When Morris’s newly formed People’s party won election in 1909, Cashin became minister of finance and customs, a position he would hold until 1919. All his budget speeches would be written by Patrick Thomas McGrath, his closest political adviser. Cashin oversaw a period of great prosperity between 1909 and 1913, but it was a prosperity built in part on trade deficits. Government revenues depended generally on a customs tariff and Newfoundland imported more than it exported. The administration spent liberally on branch railways, including a line through Cashin’s district from St John’s to Trepassey. In 1913-14 and 1914-15 the government experienced budgetary shortfalls. After the outbreak of World War I, however, Newfoundland prospered from increased demands for its fishery products and there were substantial surpluses between 1915 and 1919. During the war Cashin served as vice-chairman of the Newfoundland Patriotic Fund and of the finance committee of the Patriotic Association of Newfoundland. He also supported the decision of the government of William Frederick Lloyd* to enact conscription in April 1918.
Lloyd had been brought into the government in 1917 when Morris formed a coalition with the opposition, which consisted of Lloyd’s Liberals and seven representatives of the Fishermen’s Protective Union under William Ford Coaker*. Following Morris’s resignation on 31 Dec. 1917 to accept a peerage in Britain, Lloyd became prime minister in January. After the armistice in November 1918, there was no further rationale for the coalition. Anticipating a general election, which the assembly in April 1919 scheduled for November, and wishing to distance himself from the FPU’s influence, Cashin moved to claim the leadership of the remnants of the People’s party, whose members still constituted a majority in the assembly. On 20 May he moved a vote of no-confidence in his own government and the motion was seconded by the prime minister. The vote carried that day and on 22 May Cashin formed a new administration.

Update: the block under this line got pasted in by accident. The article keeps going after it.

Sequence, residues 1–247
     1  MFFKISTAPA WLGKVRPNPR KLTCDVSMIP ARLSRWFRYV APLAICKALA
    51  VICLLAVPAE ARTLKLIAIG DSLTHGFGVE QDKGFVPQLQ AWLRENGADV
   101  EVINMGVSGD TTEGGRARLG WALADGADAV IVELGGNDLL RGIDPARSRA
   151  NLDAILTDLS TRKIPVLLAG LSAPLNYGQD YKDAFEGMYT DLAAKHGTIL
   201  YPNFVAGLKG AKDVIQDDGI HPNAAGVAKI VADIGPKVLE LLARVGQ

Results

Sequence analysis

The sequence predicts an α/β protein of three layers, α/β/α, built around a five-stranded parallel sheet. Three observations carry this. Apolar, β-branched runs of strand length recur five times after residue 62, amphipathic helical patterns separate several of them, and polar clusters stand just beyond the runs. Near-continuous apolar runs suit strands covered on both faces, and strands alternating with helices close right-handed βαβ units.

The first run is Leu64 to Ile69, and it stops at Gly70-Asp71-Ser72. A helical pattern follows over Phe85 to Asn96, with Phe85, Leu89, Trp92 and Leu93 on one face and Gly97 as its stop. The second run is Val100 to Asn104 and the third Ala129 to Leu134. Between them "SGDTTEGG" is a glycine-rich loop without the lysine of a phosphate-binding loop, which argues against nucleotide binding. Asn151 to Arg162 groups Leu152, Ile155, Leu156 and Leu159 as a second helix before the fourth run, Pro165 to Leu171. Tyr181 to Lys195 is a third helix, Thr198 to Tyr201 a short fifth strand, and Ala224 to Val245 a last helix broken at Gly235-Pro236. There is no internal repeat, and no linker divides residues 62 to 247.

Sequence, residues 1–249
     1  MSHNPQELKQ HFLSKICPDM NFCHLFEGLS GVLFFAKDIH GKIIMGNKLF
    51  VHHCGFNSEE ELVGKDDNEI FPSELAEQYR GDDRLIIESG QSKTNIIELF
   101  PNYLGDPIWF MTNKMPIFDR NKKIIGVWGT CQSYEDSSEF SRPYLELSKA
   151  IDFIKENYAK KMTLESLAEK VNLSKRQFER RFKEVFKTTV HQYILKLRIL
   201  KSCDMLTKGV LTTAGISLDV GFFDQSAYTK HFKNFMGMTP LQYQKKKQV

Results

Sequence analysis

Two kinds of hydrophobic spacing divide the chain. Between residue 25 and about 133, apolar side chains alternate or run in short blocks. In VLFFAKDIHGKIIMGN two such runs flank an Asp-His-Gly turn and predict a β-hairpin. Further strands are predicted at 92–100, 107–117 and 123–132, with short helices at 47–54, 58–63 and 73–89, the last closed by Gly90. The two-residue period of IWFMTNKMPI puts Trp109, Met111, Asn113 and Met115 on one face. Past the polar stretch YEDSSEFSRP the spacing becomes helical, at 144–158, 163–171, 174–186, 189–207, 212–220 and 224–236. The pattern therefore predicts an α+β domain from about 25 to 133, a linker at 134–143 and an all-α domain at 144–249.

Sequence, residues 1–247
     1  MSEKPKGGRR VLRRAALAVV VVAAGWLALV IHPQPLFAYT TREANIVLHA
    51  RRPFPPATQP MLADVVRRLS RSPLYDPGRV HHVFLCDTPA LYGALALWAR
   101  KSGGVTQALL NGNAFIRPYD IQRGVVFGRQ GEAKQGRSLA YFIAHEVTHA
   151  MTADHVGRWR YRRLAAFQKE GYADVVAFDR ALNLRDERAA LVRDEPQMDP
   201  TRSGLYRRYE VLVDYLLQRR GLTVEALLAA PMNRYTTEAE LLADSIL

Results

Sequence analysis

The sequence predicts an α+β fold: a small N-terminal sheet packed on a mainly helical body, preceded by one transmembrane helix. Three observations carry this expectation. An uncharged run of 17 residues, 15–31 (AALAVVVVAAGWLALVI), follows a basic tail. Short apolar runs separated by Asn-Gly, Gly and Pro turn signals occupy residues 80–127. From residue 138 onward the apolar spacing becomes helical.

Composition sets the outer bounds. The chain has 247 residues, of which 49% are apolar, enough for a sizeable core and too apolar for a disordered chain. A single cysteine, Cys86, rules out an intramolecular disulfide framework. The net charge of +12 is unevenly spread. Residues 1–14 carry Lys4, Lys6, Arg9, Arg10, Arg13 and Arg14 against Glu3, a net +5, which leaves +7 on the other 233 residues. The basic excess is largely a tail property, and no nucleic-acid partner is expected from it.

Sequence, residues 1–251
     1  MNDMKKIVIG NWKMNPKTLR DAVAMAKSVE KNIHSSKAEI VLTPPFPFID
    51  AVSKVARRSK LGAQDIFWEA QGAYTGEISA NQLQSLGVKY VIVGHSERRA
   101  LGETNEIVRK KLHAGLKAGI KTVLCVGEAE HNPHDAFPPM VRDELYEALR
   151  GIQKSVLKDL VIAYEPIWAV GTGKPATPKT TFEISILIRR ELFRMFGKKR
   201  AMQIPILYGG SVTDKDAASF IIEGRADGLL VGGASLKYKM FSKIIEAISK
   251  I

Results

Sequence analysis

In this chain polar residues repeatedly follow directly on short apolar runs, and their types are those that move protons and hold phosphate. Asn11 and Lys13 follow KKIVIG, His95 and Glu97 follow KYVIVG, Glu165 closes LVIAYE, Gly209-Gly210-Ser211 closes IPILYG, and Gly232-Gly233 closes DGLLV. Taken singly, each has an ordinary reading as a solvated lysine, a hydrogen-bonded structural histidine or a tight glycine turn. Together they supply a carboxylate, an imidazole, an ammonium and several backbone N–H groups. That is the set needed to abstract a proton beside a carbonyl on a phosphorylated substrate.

In the election on 3 November Cashin’s newly named Liberal-Progressive party was soundly defeated by a coalition alliance headed by Coaker and Liberal leader Richard Anderson Squires*. Cashin presented a vigorous opposition in the assembly to Prime Minister Squires and his government. He was especially critical of Coaker, now minister of marine and fisheries, and his efforts to regulate the price of fish and the marketing of fish overseas.
In 1923 a combination of ill health and the need to broaden his party’s appeal among Protestant voters brought Cashin’s resignation as leader in favour of John Robert Bennett*. He nevertheless left his safe Ferryland seat that year to run in the three-member district of St John’s West, where Squires was a candidate. He placed second, just 11 votes ahead of Squires. The Squires government won re-election, but a series of scandals later in the year led it to resign. There then followed several brief administrations as political factions changed allegiance. Another election took place in 1924, but Cashin did not stand. He retired from public life because of continuing ill health, due evidently to diabetes. His son Peter John* was successful in his old district of Ferryland.
For his services during the war, Cashin had been created a kbe in 1918. In 1925 he received a honorary degree from Niagara University in Niagara Falls, N.Y., for his public career. “From the fishing boat to Prime Minister’s chair he went,” journalist Joseph Roberts Smallwood* wrote of him in 1926. “He started in common with every fisherman and he never forgot that such was his beginning. . . . With him down through his forty years of public endeavor he carried the wholesome tang of the sea.”
Fishermen's Advocate (Port Union, Nfld), 3 Sept. 1926. Peter Cashin, My life and times, 1890-1919 (Portugal Cove, Nfld, 1976); "Sir Patrick McGrath: a biography"(Canadian Broadcasting Corporation radio broadcast, St John's, 1967; transcript in Memorial Univ. of Nfld, Centre for Newfoundland Studies, St John's). Encyclopedia of Nfld (Smallwood et al.), 5: 636-37. I. D. H. McDonald, "To each his own": William Coaker and the Fishermen's Protective Union in Newfoundland politics, 1908-1925, ed. J. K. Hiller (St John's, 1987). Newfoundland Quarterly (St John's), 26 (1926-27), no.2: 24. S. J. R. Noel, Politics in Newfoundland (Toronto, 1971).